Here is an album documenting a recent window replacement
at my house. A good friend of mine is a builder and came over to "give
me a hand" replacing three windows. (Really, he did most of it and I
provided some "semi-skilled" labour...)
This is a rather high-level look at the process. I will not be
going into huge detail.
This is the "eating nook" in our kitchen. The house dates from 1984
and the kitchen windows are original, as far as I know. As you can
see, the centre window is quite large, but it has one enormous flaw.
The window is divided into a top fixed picture window, and the lower
section has an operable sliding window. The problem is that
horizontal board that divides the two parts of the window is
almost exactly at eye level when you are sitting at the
The two side windows (here's one) are tall and narrow, and fixed.
Our plan was to replace the large window with one big picture window,
and the two side windows would be replaced with casement windows.
(For those who don't know, a "casement" window refers to a window that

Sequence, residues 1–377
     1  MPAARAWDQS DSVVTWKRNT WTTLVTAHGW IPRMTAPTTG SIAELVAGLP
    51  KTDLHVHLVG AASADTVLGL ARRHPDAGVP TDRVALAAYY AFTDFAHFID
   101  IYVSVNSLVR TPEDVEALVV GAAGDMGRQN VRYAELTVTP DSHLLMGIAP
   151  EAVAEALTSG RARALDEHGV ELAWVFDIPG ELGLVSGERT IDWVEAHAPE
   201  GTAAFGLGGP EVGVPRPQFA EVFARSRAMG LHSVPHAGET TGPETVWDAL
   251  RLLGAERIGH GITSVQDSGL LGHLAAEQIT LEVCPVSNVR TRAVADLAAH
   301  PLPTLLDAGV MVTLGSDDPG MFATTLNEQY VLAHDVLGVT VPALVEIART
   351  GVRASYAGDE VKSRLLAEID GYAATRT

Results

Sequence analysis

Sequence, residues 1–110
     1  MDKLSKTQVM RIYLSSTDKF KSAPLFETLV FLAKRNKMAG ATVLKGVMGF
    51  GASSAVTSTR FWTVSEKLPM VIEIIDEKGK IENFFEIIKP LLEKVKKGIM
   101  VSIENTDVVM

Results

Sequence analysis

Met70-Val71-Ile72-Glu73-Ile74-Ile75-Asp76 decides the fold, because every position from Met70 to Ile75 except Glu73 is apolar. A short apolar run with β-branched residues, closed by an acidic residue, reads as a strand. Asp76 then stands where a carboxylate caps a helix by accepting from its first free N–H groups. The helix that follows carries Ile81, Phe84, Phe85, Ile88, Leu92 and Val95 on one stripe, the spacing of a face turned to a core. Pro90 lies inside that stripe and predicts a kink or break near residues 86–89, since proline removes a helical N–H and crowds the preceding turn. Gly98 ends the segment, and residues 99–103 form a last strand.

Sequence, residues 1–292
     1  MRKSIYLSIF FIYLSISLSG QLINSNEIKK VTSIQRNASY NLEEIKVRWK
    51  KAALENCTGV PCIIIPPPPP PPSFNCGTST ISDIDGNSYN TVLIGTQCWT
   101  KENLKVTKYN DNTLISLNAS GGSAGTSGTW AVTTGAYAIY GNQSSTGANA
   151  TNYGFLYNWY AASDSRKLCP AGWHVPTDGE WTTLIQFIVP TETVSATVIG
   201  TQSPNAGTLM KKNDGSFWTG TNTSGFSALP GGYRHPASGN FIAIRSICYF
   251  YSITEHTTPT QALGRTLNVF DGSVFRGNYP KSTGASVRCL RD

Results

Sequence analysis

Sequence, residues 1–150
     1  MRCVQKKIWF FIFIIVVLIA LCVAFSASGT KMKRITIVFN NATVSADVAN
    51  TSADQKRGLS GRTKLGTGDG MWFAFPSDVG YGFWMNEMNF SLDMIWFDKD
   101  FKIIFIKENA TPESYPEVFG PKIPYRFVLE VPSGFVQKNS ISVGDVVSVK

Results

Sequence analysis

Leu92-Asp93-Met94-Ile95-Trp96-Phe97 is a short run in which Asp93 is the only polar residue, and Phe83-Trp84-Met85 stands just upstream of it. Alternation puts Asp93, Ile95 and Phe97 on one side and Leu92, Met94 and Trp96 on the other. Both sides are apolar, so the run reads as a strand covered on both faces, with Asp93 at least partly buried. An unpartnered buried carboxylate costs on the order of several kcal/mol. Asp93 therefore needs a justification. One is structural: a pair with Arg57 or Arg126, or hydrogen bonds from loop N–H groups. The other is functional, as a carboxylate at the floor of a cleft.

is hinged on the side and opens with a crank.)
Outside view of the windows...
... and the other side. My friend came by a few weeks ago and
measured the windows. There are a few ways to measure and order
windows. In this case, we measured the outside dimensions of the
brickmold (the trim around the outside of the windows) and the
manufacturer would make replacement windows to fit those dimensions,
so that we would not have to make any changes to the outside siding of
But first we need to clear away all that stuff that is by the side of
the house. You need room to work.
Our original plan was to save and re-use the interior trim. This plan
had to change, since the new windows were not quite the exact same
size as the others. (The outside dimension were the same, but not
Using a pair of putty knives, I slowly worked the casing away from the
wall. This is a slow process, to avoid damaging the walls. A lot of
wiggling and gentle twisting produces the best results. Patience!
Each time I might only pull the trim out 1/8-1/4", then move the
knives and wedge in a different spot, then come back and work it
The end results -- all interior casing is removed from the windows.
It was interesting to note how tight the fit was on these old windows.